1795 Capped Bust Right Half Eagle, MS62
1795 $5 Large Eagle MS62 PCGS. BD-15, High R.5.
Bass-Dannreuther Die State c/c. In the early days of the U.S. Mint
it was common practice to preserve coinage dies that were still fit
for service at the end of the year for use in future years. Three
1795-dated obverse dies were preserved in this manner, and combined
with two Heraldic Eagle reverse dies to produce three die varieties
of 1795 Heraldic Eagle half eagles. These coins were probably
actually struck in 1797 or 1798. There were 12 varieties of 1795
Small Eagle half eagles produced in 1795, so the Heraldic Eagle
varieties are listed as BD-13, BD-14, and BD-15 in the
Bass-Dannreuther series reference.
Rare Large Eagle Type, BD-15
Only Three Finer Coins at PCGS
The present coin is an example of the BD-15 variety, with a low 9 in the date, and the foot of the first A in AMERICA atop the fourth wing feather on the reverse. The BD-15 is seen more often than the other two Heraldic Eagle varieties, but it is still quite rare, with a surviving population of 30-35 examples in all grades. There are no recorded mintage figures for the issue, but the BD-15 probably had a production total of 500-1,000 pieces.
The 1795 Heraldic Eagle half eagle has always been highly regarded by numismatists, and early catalogers noticed the varieties by the early 1860s. An example in the Sixth Semi-Annual Sale (W. Elliot Woodward, 3/1865) was described as:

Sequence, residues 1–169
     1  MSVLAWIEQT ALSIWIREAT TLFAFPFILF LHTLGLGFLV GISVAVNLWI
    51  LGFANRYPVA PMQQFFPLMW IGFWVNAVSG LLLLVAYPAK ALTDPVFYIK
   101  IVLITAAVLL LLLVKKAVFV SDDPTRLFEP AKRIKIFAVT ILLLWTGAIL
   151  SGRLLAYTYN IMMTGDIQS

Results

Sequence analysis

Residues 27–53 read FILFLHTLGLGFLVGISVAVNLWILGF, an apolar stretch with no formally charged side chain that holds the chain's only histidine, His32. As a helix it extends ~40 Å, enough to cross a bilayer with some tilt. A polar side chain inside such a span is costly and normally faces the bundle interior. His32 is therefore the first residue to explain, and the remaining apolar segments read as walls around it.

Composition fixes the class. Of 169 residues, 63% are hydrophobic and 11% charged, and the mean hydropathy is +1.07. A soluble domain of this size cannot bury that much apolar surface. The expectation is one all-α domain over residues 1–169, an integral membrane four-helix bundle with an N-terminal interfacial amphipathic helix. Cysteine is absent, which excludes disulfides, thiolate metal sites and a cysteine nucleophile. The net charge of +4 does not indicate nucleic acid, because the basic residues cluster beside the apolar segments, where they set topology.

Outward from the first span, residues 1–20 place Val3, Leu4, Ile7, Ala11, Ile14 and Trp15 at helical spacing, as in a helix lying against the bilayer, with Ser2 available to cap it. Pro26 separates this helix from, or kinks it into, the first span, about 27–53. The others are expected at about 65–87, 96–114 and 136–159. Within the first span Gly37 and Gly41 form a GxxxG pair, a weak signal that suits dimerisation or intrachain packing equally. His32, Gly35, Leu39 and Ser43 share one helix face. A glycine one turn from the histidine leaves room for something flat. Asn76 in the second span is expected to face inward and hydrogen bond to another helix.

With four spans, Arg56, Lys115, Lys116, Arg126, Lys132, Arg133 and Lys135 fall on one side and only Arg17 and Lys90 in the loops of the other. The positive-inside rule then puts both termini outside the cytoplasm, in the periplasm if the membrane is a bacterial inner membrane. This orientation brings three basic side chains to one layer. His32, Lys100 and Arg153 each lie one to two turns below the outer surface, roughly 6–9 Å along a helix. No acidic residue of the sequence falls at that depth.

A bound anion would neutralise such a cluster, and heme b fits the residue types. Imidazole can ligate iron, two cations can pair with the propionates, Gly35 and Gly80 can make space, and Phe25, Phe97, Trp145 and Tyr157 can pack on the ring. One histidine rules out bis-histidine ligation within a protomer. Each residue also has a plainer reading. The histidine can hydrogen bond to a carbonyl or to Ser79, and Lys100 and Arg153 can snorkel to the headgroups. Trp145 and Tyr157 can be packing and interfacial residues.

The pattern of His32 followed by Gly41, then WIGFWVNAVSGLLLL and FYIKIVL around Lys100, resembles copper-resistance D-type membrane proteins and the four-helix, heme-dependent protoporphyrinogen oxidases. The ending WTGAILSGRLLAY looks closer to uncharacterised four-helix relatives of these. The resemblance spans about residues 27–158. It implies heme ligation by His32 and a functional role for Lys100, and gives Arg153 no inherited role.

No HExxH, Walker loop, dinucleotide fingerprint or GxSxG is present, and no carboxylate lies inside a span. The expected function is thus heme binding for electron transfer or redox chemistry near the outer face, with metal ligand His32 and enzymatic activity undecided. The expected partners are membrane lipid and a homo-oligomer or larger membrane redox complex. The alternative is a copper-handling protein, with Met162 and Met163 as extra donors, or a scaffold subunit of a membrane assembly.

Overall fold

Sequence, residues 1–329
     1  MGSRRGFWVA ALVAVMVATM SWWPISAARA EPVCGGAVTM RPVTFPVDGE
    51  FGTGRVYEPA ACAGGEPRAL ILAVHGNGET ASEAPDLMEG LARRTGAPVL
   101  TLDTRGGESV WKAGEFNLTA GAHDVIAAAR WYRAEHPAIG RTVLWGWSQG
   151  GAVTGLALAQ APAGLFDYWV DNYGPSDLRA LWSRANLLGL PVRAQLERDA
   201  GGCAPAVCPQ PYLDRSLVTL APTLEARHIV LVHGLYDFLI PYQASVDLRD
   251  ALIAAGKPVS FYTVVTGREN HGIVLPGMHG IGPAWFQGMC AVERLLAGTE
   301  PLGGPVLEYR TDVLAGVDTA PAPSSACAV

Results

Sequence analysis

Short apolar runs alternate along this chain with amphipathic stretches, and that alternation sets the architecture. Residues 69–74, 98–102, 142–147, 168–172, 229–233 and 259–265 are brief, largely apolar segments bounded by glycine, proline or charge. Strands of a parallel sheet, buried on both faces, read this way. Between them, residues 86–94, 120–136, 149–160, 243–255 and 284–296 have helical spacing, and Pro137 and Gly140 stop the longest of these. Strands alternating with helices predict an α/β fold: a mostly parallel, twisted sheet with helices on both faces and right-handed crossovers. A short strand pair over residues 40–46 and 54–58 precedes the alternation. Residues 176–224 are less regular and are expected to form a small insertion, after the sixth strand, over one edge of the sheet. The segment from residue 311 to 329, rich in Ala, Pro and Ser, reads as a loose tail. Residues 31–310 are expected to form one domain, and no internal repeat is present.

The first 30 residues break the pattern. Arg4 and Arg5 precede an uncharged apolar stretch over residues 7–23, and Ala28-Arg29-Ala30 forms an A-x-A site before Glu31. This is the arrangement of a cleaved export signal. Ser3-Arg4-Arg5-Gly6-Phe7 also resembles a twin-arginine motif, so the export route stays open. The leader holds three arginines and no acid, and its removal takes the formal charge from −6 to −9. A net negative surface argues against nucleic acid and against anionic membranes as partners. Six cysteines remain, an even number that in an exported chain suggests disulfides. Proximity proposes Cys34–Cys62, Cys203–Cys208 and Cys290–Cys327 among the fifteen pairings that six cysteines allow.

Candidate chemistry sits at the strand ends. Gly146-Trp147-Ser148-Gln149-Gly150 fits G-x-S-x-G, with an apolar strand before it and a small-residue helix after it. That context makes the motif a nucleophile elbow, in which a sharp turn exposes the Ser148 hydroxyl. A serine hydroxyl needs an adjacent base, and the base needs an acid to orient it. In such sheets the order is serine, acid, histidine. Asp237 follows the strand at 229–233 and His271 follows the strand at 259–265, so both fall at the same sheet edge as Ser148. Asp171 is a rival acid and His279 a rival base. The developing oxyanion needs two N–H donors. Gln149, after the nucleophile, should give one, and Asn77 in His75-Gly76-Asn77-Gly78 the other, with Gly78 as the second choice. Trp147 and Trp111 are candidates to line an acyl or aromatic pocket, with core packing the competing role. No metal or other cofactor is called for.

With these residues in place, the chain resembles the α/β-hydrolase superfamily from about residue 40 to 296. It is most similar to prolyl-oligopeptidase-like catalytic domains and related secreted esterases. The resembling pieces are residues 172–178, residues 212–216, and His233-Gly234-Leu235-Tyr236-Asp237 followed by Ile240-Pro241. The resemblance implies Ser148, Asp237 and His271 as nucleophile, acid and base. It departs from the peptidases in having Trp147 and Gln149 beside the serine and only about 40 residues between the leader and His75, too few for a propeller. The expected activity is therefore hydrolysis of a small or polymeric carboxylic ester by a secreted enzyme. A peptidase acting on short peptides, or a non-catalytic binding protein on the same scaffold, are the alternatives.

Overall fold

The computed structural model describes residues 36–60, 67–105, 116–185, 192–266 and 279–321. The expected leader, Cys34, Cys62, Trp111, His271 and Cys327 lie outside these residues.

"1795 With the large eagle, rev. of 1798; in splendid uncirculated condition; of the highest rarity."
This early auction citation might well be an early appearance of the coin offered here, as few high-quality specimens are known. The lot realized $37.50 to George Seavey, a strong price at the time. The popularity of the 1795 Large Eagle five has steadily increased over the years.. Recent auction sales include the impressive MS62 PCGS specimen in lot 4839 of the FUN Signature (Heritage, 1/2012), which realized $149,500.
This attractive MS62 specimen was struck from a late state of the dies, with a number of die cracks evident on both sides. The cud above TE of STATES had not yet formed when this piece was struck, however. The design elements are well-detailed, showing just a touch of softness on the eagle's head and Liberty's hair. The lightly marked greenish-gold surfaces display prooflike reflectivity in many areas. We expect intense competition from early gold specialists when this lot is called. Population: 8 in 62, 3 finer (11/12).
From The Dr. James Olsen Collection.(Registry values: P7) (NGC ID# 25NK, PCGS# 8075)
View all of [The Dr. James Olsen Collection ]
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